Whole Foods Market’s total revenue has climbed at least 11% for the past 10 quarters. It sells a private-label brand called 365 Everyday Value to appeal to customers on a budget. The brand includes items such as kettle-cooked potato chips, all-natural soda, and balsamic vinegar.
Kroger is also fighting to hang onto shoppers and for this Kroger's loyalty program offers customers discounts based on their past purchases. Like other supermarkets, Kroger has been paying more to stock its shelves as a result of rising commodity costs. The company has tried to offset the impact by introducing more store-brand items, which decreases its need to stock up on brand-name products. Unlike Supervalu, who rely predominantly on acquisitions to grow revenue, Kroger focuses on growing revenue through increasing identical store sales. Supervalu parent to Albertsons, Save-A-Lot, and other chains, earlier this week announced it would close about 60 of its struggling markets this year. In June, Supervalu said its first-quarter profit fell by nearly half, as revenue tumbled and for this it plans to close 60 underperforming stores to boost its profits down the road.
In order to increase its margins and compete against Wal-Mart's lower prices, Kroger continues to invest in its private labels. Customer service improvements, which recently have included significantly reducing wait times in check-out lines, also have helped Kroger hold its own against Wal-Mart. Wal-Mart has indicated it is looking to expand its chain of Wal-Mart Express outlets, which are 12,000 to 15,000 sq. ft. in size. Wal-Mart sells a wide variety of goods ranging from apparel to groceries. Because of its scale, the retailer is often able to offer below-market prices to its customers.
Kroger is up 9.41% over the last year vs. S&P 500 Total Return up 26.62%, Whole Foods Market up 49.30%, and Supervalu down 66.38%.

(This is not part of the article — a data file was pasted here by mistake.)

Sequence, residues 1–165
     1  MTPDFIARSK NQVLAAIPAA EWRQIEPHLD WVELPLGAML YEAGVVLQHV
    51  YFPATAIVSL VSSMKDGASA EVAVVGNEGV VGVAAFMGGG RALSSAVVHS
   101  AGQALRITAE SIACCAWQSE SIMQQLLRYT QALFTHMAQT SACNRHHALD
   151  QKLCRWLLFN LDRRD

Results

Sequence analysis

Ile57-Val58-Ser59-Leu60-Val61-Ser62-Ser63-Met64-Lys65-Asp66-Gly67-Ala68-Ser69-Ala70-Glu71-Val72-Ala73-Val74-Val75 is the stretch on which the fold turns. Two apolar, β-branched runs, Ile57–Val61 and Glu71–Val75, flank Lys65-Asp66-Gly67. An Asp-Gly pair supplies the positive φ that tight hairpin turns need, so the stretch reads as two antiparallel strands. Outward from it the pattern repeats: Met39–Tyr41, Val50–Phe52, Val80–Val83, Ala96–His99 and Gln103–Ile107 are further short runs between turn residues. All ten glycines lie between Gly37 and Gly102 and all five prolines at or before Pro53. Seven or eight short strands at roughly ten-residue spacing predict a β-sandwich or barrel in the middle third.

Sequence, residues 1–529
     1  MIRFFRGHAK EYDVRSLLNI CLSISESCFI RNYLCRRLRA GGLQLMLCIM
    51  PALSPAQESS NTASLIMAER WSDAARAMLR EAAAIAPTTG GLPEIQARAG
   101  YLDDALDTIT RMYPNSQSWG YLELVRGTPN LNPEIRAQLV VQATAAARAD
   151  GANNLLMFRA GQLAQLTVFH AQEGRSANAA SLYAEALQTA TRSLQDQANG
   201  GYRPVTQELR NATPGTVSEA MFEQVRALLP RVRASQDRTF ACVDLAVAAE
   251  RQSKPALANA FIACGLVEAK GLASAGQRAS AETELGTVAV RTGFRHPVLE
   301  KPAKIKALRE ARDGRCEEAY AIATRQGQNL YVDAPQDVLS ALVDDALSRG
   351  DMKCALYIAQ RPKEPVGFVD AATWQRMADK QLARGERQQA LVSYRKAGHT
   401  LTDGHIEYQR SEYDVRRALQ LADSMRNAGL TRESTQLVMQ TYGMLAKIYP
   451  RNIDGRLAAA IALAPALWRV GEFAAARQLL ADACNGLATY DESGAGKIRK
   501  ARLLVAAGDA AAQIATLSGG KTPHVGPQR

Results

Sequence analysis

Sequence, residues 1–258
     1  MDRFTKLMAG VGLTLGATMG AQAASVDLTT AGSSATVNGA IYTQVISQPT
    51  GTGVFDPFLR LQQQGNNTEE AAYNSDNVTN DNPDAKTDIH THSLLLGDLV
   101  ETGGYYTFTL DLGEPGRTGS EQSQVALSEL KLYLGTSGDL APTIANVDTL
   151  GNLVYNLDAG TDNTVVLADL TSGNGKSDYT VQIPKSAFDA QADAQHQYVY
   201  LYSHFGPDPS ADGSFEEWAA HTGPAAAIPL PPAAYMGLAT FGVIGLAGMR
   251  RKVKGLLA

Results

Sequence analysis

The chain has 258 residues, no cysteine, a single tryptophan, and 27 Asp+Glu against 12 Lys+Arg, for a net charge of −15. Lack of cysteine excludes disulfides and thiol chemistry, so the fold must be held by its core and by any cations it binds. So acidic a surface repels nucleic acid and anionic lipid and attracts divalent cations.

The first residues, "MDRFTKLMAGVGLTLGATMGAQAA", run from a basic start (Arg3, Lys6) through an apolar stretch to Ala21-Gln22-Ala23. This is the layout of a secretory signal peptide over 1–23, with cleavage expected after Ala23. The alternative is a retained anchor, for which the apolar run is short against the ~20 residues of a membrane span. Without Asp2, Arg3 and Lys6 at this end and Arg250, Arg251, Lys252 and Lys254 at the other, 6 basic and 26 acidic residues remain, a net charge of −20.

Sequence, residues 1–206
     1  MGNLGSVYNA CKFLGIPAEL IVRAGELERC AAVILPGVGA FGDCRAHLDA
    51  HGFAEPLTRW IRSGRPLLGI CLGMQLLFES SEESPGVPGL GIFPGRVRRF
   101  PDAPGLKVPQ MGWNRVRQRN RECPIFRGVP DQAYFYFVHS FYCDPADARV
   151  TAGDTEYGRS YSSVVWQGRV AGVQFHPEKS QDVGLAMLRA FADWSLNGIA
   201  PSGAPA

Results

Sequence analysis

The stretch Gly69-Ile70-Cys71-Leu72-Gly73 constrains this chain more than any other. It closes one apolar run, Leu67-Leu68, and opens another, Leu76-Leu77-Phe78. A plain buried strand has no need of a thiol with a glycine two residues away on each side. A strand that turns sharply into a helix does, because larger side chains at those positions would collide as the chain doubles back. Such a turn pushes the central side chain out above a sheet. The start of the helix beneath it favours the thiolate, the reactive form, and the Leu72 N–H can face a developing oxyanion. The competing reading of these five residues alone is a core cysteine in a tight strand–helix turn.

Kroger expects to achieve in the upper end of the range for both earnings per share and sales growth. As a result of strong first half performance and higher than anticipated share repurchase activity, Kroger is increasing its fiscal 2012 earnings guidance to a range of US$2.35 to US$2.42 per diluted share. The company continues to expect identical supermarket sales growth for the full year, excluding fuel, of 3% to 3.5%.
The Bottom Line
Kroger has been drawing more customers through its doors, but costs have been rising too, and the overall effect led the supermarket chain to post a slight dip in earnings in this quarter.
The company's strengths can be seen in multiple areas, such as its revenue growth, good cash flow from operations, and growth in earnings per share and increase in net income. We feel these strengths outweigh the fact that the company has had generally high debt management risk by most measures that we evaluated. Commodities prices and labor costs also are a continuing challenge for pricing and margins. Kroger took a step to reward investors by hiking its quarterly dividend by 30%, to 15 cents per share. There are indications of a bullish outlook.
I believe that Kroger might be a good addition to your investment portfolio, and trumps some of its peers in that regard, therefore you should consider putting Kroger on your shopping list.
Riddhi2406 has no positions in the stocks mentioned above. The Motley Fool owns shares of SUPERVALU INC. and Whole Foods Market. Motley Fool newsletter services recommend Whole Foods Market. Try any of our Foolish newsletter services free for 30 days. We Fools may not all hold the same opinions, but we all believe that considering a diverse range of insights makes us better investors. The Motley Fool has a disclosure policy.If you have questions about this post or the Fool’s blog network, click here for information.